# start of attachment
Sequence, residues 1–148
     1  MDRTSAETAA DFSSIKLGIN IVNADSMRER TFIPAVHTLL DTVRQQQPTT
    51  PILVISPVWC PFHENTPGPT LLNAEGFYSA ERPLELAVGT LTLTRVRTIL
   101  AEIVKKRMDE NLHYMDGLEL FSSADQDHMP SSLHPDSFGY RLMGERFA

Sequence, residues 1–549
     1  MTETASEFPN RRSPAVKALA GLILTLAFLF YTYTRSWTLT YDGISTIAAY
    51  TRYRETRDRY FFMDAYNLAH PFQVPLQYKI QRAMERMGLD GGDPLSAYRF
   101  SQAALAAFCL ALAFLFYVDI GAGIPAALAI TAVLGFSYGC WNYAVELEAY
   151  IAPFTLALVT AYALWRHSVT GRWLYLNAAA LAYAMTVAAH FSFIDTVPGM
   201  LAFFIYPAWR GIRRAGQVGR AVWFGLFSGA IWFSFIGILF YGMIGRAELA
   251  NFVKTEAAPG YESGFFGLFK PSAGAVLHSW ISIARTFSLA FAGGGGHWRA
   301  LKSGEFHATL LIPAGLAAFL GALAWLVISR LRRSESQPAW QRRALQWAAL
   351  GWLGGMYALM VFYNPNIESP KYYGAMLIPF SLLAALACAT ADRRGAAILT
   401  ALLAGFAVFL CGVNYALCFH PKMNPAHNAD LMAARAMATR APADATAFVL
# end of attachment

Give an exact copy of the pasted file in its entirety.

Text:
Sequence, residues 1–148
     1  MDRTSAETAA DFSSIKLGIN IVNADSMRER TFIPAVHTLL DTVRQQQPTT
    51  PILVISPVWC PFHENTPGPT LLNAEGFYSA ERPLELAVGT LTLTRVRTIL
   101  AEIVKKRMDE NLHYMDGLEL FSSADQDHMP SSLHPDSFGY RLMGERFA

Sequence, residues 1–549
     1  MTETASEFPN RRSPAVKALA GLILTLAFLF YTYTRSWTLT YDGISTIAAY
    51  TRYRETRDRY FFMDAYNLAH PFQVPLQYKI QRAMERMGLD GGDPLSAYRF
   101  SQAALAAFCL ALAFLFYVDI GAGIPAALAI TAVLGFSYGC WNYAVELEAY
   151  IAPFTLALVT AYALWRHSVT GRWLYLNAAA LAYAMTVAAH FSFIDTVPGM
   201  LAFFIYPAWR GIRRAGQVGR AVWFGLFSGA IWFSFIGILF YGMIGRAELA
   251  NFVKTEAAPG YESGFFGLFK PSAGAVLHSW ISIARTFSLA FAGGGGHWRA
   301  LKSGEFHATL LIPAGLAAFL GALAWLVISR LRRSESQPAW QRRALQWAAL
   351  GWLGGMYALM VFYNPNIESP KYYGAMLIPF SLLAALACAT ADRRGAAILT
   401  ALLAGFAVFL CGVNYALCFH PKMNPAHNAD LMAARAMATR APADATAFVL